Balancing the level of detail and formality in your test documents can be somewhat tricky, especially to the tester who has not been battle hardened by the experience of several different projects.
Over the years I have seen and used many different methods for my testing documents and there are some things that work really well and some that seem like a good idea when you start out, but quickly can become very cumbersome to use and maintain.
In a perfect world there would be one format for a test plan, and one for a test case that everyone could use. Everyone would rejoice, and the Von Trapp family continue to sing new and exciting songs as part of their daily lives.
Appropriate levels of testing documentation
In my experience I have seen, (and used) two extremes of testing documentation. In the dotcom boom I managed a great technical test team where we had no formal test documentation to speak of. There was documentation, just not very much of it around the planning and execution of tests.
What gave the customer confidence, and kept them happy was the fact that there was a ton of reporting around the defects that we were finding, and through the verbal updates we would continuously provide, I now refer to this as “Post-it™ test planning”.
In direct contrast to Post-it™ test planning is the test planning method favoured by waterfall methodologies where step-by-step test documents are written so that anyone’s mother could test the application, with little or no prior knowledge.
The ideal level of formality is somewhere between the two extremes, shown in the following diagram.
A good approach is to iterate through your tests, adding detail as you go. Ideally you should be able to stop when you can answer yes to all the following, as required for your project or organisation
- Is the test repeatable by an of our testers, so that anyone can execute the test and get the same result?
- Is there enough detail so that I can satisfy an audit?
- Can I know with absolute certainty what has, and has not been tested?
- Are the test cases in a format that can be quickly and easily updated, e.g. Excel or a database?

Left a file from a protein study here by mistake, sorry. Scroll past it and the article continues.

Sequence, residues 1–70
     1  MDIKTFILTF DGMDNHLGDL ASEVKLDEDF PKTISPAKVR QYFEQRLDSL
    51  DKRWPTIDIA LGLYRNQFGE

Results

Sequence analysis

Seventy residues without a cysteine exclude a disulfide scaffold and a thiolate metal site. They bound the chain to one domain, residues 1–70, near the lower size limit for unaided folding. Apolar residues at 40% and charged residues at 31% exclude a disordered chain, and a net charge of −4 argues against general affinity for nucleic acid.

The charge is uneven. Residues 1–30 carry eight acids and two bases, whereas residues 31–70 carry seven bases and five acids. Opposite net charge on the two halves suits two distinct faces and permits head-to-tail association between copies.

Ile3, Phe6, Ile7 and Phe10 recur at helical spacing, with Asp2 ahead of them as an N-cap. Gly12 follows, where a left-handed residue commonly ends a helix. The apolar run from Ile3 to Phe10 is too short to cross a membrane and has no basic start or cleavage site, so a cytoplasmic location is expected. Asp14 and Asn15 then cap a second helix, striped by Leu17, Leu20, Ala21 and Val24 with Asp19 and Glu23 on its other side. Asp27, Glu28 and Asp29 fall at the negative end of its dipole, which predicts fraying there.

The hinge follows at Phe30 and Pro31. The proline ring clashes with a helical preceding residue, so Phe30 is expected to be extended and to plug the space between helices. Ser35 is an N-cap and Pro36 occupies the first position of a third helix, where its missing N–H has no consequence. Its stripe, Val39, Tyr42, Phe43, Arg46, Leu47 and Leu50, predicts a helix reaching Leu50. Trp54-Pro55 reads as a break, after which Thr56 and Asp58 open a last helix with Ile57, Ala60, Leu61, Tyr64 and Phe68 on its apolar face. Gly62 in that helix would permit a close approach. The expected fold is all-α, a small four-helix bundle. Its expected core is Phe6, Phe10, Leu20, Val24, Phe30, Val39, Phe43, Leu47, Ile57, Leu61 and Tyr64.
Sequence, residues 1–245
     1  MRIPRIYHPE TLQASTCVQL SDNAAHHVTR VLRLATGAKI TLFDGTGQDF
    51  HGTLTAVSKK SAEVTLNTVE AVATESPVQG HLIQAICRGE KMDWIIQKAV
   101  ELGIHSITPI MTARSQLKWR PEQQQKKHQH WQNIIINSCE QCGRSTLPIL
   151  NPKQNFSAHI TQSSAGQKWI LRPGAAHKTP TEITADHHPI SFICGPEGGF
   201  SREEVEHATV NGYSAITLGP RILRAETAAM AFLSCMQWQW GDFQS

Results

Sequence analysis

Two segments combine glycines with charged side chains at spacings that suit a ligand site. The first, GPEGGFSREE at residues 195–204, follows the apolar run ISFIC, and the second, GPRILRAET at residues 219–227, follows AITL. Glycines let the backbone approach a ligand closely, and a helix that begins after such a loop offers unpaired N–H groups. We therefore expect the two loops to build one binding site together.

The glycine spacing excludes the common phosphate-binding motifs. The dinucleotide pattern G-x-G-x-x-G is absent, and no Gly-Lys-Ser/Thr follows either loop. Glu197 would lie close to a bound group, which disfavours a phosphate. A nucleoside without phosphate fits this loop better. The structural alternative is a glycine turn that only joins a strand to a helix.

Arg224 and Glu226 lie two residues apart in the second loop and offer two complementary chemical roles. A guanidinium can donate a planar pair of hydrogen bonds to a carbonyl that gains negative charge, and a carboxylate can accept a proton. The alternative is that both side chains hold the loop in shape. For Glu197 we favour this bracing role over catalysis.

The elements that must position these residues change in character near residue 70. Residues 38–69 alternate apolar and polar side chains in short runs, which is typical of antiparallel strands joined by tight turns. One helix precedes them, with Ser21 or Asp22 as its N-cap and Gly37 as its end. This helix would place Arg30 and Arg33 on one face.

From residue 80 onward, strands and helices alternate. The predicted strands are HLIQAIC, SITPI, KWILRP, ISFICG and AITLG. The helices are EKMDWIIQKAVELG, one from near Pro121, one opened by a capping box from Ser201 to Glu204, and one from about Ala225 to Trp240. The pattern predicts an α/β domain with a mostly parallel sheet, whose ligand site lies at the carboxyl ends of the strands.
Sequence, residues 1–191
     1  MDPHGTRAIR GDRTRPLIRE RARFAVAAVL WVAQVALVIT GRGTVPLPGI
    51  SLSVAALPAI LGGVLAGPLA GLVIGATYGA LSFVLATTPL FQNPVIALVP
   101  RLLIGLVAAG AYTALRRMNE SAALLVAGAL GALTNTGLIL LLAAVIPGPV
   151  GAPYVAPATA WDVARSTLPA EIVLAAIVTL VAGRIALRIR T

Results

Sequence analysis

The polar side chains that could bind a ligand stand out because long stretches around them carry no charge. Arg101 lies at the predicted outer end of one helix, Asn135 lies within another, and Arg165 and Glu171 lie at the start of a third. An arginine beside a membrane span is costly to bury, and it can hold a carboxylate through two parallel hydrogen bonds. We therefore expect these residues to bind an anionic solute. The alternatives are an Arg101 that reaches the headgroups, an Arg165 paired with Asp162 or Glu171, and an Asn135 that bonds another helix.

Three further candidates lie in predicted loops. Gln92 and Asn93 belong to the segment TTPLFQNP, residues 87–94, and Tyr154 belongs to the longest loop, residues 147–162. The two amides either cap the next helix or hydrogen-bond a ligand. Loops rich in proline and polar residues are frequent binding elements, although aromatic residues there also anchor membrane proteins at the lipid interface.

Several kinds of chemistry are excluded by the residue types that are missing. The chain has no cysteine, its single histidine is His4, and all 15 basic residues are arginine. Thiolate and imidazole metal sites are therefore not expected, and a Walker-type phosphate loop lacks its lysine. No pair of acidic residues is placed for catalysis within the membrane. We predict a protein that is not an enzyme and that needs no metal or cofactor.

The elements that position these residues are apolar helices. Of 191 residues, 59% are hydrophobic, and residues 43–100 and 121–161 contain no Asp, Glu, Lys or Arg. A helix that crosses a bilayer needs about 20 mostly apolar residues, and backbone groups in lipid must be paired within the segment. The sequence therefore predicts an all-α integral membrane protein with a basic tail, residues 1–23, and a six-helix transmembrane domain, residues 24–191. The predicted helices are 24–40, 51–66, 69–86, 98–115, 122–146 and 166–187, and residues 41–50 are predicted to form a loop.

- Can I easily answer any questions about current progress, or coverage levels?
To conclude I will present some fictitious test cases for Notepad to show the difference between the approaches. A good test case example
Test Area: File Save Dialogue
Test: Verify that notepad can successfully save a file when the length of the file name greater than 255 characters, plus the .txt at the end.
A bad test case example
Test Area: File Save Dialogue
Step 1: Press the start button.
Step 2: Select run.
Step 3: Type “Notepad.exe” and press return.
Step 4: Verify that Notepad opens successfully.
Step 6: Type “This is a test” into the new document.
Step 7: Select the file menu then save.
Step 8: Enter a file name that contains 255 characters, then add the .txt to the end of the file name.
Step 9: Press save.
Step 10: Verify the file saved successfully, with no errors.
Both tests achieve the same results, but one is much more manageable, and requires significantly less time to write.
- Boundaries are explicit
- Services are autonomous
- Services share schema and contract, not class
- Service compatibility is determined based on policy
That inspired me to develop my own list of guiding principles that apply to software testing. These tenets are documenting some key learning’s from over the years working as a Test Manager, Senior Consultant and Development Manager for various software development shops.
- You can’t test everything so you have to focus on what is important.
- If you are going to run a test more than once, it should be automated.
- Test the product continuously as you build it.
- Base your decisions on data and metrics, not intuition and opinion.
- To build it, you have to break it.
- Apart from Test-Driven Development, A developer should never test their own software.
- A test is successful when the software under test fails.